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FDL Research

Our laboratory research focuses on fluid dynamics and heat transfer in micro- and macro-scale flows.



Volcanic eruptions consist of the sudden release of high pressure gas and particulates from a vent to the atmosphere.  The fluid dynamics are complex, as overpressured conditions produce supersonic flow in the near-exit region.  This has a significant impact on the entrainment of ambient air into the jet, which alters the plume buoyancy and ultimate behavior. Once the plume ascends, its trajectory is altered by cross winds and atmospheric stratification, which further impact the entrainment.  Our current understanding of this behavior is limited due to the difficulty of field measurements, resulting in great uncertainty in the estimate of ash density.  Our laboratory uses high-accuracy particle image velocimetry (PIV) methods to determine the entrainment, which is integrated into state-of-the-art plume models for volcanic eruptions.

Active projects:

  • Ash aggregation in volcanic plumes

    Our laboratory collaborates with Stanford University, Portland State University, and the USGS Cascades Volcano Observatory on a study of ash aggregation within volcanic plumes.  Much of the particle matter ejected in an eruption aggregates into larger particles, which aids its fallout from the plume.  While many aggregation methods are known, there is little experimental data on their effectiveness, and virtually no fallout models include aggregation.  In this NSF-supported study, we are conducting high-resolution measurements of this phenomenon in both homogeneous turbulence and jet flows.  Our data will be used to develop a new simulation tool to examine fallout following eruptions.

Previous research:

  • Overpressured jet entrainment
  • Erodible vent evolution
  • Plumes in cross flow



The rapid increase in power dissipation from electronic devices has led to challenging thermal management issues.  With heat fluxes of hundreds of watts per square centimeter, even aggressive techniques are being stretched to their limits.  Fortunately, micro-scale enhancement methods can extend traditional methods beyond their current usage to meet future thermal loads.  Passive techniques include micro-fabricated versions of macro-enhancement methods, such as turbulators, dimples, and pin fins.  Active methods include micro-scale jets to augment local heat transfer at hot spots.  Our laboratory investigates a range of electronics cooling techniques, including micro-channel enhancement and synthetic jets, to determine their efficacy and potential applicability in electronics devices.  We use advanced experimental techniques, such as micro-PIV, as well as computational tools incorporating the micro-scale physics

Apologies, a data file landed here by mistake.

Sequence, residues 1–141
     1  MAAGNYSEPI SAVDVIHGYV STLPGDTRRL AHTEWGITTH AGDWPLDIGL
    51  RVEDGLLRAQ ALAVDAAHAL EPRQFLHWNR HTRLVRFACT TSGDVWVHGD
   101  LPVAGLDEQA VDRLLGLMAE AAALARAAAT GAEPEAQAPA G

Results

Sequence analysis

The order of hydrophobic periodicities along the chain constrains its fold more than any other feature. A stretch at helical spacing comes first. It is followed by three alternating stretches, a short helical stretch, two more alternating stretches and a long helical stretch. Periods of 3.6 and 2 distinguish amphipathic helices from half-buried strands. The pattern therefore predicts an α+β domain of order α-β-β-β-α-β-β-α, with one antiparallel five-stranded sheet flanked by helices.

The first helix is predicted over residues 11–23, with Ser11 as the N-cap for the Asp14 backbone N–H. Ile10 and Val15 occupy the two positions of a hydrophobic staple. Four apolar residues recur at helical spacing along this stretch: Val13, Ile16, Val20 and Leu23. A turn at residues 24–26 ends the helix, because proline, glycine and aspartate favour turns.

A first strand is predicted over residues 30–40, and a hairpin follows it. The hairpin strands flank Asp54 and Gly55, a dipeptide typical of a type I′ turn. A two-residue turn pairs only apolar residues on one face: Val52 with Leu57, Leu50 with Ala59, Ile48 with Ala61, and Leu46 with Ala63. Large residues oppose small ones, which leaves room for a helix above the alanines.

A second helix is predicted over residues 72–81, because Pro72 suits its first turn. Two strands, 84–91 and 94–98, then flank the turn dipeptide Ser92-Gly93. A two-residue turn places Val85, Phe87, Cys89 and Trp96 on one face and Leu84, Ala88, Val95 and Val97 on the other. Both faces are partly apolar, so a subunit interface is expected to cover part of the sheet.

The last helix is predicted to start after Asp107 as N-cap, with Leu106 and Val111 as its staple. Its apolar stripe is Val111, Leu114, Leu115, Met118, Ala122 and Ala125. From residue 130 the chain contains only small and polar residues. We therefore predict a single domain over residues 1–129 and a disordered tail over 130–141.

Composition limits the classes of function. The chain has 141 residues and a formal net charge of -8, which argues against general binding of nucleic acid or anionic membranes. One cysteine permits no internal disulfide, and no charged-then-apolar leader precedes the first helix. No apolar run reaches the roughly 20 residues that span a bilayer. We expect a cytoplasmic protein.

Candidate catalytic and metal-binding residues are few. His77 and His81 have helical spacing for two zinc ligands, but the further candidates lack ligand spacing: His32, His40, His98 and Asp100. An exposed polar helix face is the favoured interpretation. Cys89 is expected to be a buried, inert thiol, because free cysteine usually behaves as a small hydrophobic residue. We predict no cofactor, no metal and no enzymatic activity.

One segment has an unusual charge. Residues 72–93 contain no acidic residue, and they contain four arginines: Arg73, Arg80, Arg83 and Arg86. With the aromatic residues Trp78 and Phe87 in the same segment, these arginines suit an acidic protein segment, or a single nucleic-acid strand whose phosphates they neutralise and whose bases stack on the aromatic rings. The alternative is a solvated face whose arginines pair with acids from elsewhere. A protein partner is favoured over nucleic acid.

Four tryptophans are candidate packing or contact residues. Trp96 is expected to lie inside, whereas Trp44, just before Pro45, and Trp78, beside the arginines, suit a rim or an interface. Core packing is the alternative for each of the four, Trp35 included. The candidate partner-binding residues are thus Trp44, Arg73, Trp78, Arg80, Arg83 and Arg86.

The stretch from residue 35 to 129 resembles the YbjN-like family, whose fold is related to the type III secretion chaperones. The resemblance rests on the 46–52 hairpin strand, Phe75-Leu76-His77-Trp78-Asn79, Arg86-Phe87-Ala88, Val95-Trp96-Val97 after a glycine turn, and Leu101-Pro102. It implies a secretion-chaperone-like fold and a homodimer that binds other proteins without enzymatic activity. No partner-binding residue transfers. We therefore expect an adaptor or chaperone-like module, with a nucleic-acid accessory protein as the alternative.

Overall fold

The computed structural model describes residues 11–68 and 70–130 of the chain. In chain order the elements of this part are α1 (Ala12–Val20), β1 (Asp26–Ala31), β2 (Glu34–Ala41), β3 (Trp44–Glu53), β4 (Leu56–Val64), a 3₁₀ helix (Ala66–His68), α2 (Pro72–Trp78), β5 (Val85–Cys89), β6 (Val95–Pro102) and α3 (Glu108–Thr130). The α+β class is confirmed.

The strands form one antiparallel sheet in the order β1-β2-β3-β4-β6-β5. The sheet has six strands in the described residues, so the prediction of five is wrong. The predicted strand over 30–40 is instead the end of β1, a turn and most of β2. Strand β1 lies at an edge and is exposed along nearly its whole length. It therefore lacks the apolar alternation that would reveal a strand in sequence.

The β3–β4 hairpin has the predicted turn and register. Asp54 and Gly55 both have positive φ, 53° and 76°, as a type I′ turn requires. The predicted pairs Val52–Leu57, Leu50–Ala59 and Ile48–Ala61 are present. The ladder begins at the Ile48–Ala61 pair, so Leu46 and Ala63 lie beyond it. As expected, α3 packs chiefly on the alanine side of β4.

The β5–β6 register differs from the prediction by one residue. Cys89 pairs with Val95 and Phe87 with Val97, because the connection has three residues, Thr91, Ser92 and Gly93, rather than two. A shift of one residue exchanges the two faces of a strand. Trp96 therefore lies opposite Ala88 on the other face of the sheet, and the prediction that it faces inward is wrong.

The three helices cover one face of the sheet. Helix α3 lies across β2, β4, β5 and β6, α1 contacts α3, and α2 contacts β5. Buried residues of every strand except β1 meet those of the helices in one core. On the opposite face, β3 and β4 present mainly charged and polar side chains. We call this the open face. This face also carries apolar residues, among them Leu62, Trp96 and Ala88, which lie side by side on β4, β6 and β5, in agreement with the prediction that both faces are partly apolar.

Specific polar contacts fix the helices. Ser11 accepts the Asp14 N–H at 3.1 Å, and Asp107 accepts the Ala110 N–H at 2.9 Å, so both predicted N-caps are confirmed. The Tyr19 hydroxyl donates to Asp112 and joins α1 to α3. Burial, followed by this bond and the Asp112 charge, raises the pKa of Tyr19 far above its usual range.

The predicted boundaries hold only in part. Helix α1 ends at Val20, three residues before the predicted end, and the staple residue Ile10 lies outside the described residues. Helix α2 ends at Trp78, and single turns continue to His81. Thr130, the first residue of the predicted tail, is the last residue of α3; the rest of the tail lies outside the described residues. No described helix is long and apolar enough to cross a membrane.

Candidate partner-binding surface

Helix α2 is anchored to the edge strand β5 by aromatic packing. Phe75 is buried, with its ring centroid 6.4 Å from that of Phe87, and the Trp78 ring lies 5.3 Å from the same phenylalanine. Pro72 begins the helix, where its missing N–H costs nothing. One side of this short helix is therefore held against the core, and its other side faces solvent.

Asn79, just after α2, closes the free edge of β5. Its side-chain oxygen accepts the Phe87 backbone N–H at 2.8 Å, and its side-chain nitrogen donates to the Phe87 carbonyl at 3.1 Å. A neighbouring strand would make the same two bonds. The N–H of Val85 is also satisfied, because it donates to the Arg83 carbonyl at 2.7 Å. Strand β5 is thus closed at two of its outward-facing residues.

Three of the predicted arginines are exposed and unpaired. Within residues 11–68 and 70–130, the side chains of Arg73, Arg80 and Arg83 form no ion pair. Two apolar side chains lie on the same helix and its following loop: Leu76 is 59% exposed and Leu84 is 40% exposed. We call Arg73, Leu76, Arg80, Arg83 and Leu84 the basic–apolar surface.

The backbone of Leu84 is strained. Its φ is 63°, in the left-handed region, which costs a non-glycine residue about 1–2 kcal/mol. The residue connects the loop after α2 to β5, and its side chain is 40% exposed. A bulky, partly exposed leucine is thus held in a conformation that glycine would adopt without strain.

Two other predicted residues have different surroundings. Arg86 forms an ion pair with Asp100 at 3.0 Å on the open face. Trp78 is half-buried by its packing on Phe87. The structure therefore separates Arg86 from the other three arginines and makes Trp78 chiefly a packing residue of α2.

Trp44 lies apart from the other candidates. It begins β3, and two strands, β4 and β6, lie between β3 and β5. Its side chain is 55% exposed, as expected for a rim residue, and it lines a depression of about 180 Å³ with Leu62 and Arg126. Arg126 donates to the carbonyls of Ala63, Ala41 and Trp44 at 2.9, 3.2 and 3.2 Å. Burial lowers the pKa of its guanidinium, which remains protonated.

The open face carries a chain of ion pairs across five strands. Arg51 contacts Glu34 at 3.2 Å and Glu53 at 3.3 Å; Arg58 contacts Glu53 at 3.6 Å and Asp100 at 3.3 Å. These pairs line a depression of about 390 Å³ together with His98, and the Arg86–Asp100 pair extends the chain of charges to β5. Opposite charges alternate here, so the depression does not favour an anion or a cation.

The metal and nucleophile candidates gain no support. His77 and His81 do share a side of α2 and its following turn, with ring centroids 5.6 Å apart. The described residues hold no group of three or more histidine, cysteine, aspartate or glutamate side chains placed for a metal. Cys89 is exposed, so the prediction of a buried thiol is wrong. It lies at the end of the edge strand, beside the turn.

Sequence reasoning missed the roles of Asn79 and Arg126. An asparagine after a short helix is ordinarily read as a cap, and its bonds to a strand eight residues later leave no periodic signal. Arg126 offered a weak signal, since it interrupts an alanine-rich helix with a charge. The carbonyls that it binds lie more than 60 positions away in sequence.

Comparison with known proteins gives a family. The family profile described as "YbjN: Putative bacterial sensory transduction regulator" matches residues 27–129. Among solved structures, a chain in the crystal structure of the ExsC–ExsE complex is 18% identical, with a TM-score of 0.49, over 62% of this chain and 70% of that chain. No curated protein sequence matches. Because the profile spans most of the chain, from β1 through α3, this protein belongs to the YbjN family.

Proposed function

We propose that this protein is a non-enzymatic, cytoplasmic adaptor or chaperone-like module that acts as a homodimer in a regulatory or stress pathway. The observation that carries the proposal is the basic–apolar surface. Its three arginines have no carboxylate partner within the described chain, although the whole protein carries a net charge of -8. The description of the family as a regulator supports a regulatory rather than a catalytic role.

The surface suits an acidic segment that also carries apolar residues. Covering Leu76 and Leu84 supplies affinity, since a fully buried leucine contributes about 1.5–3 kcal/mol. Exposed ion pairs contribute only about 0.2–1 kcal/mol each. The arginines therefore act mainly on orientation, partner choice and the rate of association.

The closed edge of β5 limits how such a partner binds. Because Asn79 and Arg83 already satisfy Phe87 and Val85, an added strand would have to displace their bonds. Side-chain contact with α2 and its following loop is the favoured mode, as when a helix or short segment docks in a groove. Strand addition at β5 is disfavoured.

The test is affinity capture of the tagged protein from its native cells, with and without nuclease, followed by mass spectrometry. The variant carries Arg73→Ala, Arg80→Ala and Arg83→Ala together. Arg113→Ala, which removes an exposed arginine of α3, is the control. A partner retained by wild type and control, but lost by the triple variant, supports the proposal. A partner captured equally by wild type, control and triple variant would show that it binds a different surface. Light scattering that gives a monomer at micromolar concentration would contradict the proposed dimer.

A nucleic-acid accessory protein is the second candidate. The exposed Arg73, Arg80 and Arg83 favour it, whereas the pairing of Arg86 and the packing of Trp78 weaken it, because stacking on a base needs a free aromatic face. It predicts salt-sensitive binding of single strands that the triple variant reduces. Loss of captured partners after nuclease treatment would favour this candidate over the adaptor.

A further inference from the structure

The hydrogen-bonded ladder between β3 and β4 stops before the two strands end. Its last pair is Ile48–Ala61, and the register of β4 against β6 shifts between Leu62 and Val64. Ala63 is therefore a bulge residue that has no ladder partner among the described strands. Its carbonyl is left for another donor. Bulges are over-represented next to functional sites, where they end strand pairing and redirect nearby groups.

Active projects:

  • Variable-diameter synthetic jet cooling

    Our laboratory has developed a unique synthetic jet actuator, which uses oscillating motion near an orifice to generate a time-averaged jet flow.  Our device synchronizes the motion with the closure of the aperture, resulting in a significant increase in momentum flow.  We have applied the actuator in impingement cooling, demonstrating superior performance to fixed-diameter devices.  Along with collaborators at WSU Vancouver and the University of Portland, we are optimizing a new, micro-scale adaptation through computational fluid dynamics (CFD), PIV, and infrared (IR) thermography.  This system will apply fluidic methods to simplify the mechanism, permitting high-frequency, miniaturized devices.

Previous research:

  • Slot-orifice synthetic jet fluid dynamics
  • Groove-enhanced mini-channel heat transfer
  • Integral micro-channel cooling
  • Diode laser micro-heat exchanger analysis


Modern engineering devices require careful control in order to function appropriately and efficiently.  Although many control methods involve large-scale actuators like airplane flaps, smaller micro- and meso-scale devices can also produce macro-scale flow control and enhancement benefits.  By applying low-energy driving forces at key locations in a flow system, substantial improvements can be made to the entire structure.  Many potential solutions can be derived using biomimetics, where biological characteristics are mimicked in technology development.  In their evolution, organisms have developed unique capabilities that may be more efficient than existing engineering designs.  Our laboratory explores biomimetic flow devices, particularly involving jet flows, which may be applied in aerospace control and electronics cooling applications.  We apply theoretical analysis, computational simulation, and experimental validation to examine the full performance range of these new actuators in order to develop a better fundamental understanding of their physics.

Active projects:

  • Manifold design for optimal flow distribution

    Our laboratory develops methods for optimal design of manifolds, which produce flow in arrays of channels for electronics cooling, chemical systems, and biomedical devices.  We base our designs on the human circulatory system, which efficiently transfers fluid throughout the body while minimizing losses.  We use analytical methods to develop our designs along with collaborators at WSU Vancouver, and we study their performance through CFD and micro-PIV.

Previous research:

  • Synthetic jet micro-blowing
  • Micro-trailing-edge effectors
  • Cavity oscillation control
  • Segmented wind turbines


  • Micro-fluidics
  • Renewable energy
  • Advanced fluid diagnostic methods